ACMA introduces “The Register”. There is an upside to Senator Helen Coonan’s gift to our media proprietors. For the first time we will have a list of who owns what in the Australian media. But it will be an old fashioned list of old fashioned media; two of which, radio and TV, are operating in a Government-regulated environment. The Australian Communications and Media Authority took the first step yesterday with the publication of 150 pages of the new Register of Controlled Media Groups. ACMA said in a statement that the register is a core component of the government’s media reform package. The register names companies already controlling two or more media licences in individual regions. But in the five major capitals, none of the four major media groups or related entities — Seven Network, PBL, Fairfax Media and News Ltd — is deemed to control two media entities. That of course doesn’t include magazines. PBL controls ACP, which holds 48% of the national magazine market. Seven has Pacific Magazines with around 22% while News is in the process of buying FPC magazines (and local papers) which will give it 7% of the magazine market. All four media groups also have rapidly growing online businesses, with Fairfax the market leader — that are not covered by the new register. Nor is Pay TV (essentially Foxtel). To do so would restrict the ability of PBL, News Ltd and Telstra, to acquire existing assets. ACMA said it would make further information related to the register available in the near future through the publication of a supplementary report late next month. Sounds like public service heaven. — Glenn Dyer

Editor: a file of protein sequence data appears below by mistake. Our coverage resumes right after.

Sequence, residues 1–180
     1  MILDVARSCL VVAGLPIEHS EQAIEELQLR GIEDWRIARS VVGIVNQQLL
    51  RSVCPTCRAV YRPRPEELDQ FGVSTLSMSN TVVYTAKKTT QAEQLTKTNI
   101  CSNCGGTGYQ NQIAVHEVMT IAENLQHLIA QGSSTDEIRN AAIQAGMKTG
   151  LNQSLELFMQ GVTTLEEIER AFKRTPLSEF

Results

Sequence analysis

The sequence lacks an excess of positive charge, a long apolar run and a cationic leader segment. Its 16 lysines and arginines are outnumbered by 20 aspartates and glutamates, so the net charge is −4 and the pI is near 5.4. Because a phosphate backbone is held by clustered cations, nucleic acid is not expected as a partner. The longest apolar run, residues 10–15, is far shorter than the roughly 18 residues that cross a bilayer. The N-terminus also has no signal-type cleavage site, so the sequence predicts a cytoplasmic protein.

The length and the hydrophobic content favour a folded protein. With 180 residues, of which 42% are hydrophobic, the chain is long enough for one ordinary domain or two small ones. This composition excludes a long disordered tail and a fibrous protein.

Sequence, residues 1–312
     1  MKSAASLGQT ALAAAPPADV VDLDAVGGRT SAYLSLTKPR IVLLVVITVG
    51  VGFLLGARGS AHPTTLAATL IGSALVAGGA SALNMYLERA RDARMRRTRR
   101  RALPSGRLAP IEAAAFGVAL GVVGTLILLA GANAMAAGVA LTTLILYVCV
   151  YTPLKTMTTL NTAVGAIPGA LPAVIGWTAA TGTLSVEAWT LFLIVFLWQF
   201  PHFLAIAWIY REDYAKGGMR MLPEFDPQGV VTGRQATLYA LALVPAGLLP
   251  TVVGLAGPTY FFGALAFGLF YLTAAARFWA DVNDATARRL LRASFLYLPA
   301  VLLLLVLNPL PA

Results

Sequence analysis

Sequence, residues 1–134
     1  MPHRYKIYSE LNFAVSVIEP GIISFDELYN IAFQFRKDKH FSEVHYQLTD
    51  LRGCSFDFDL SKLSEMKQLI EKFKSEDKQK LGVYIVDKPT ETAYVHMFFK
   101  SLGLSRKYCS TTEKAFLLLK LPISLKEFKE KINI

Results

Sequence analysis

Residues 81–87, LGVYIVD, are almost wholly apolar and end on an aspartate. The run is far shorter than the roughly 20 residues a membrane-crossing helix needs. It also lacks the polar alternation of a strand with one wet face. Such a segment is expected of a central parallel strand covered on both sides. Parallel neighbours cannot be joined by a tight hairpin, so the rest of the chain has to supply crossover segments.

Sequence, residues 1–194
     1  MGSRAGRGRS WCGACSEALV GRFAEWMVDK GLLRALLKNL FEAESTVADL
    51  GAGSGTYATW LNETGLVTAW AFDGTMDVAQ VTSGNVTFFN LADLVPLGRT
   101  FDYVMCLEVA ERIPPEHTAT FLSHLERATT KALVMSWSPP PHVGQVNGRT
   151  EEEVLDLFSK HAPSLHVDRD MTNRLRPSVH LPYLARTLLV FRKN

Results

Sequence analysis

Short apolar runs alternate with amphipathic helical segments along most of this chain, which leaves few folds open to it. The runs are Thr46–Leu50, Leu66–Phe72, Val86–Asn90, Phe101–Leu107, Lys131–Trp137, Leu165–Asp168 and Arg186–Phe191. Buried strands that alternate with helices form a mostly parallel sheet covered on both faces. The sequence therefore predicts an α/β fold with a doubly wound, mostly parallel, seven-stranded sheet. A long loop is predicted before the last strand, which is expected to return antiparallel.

The Observer takes out top Fleet Street gong. The UK Press Gazette reports The Observer has been named national newspaper of the year at the British Press Awards. Editor Roger Alton said he was “unbelievably flattered and thrilled” to have received the honour, which was voted on in an academy-style system. The Guardian and the Daily Mirror were the main newspaper winners on the night – with four apiece. This year, the big News International red tops, The Sun and the News of the World, left empty-handed. The Mirror‘s prizes included both front page of the year and scoop of the year for “My Affair: By Prezza” – the revelation that John Prescott was having an affair with his diary secretary Tracey Temple. It is the second year on the trot that Mirror reporter Stephen Moyes has picked up the scoop of the year prize. Financial Times reporter Sheila McNulty won both reporter of the year and specialist writer of the year for her investigative reporting on BP’s safety record. — Terry Maher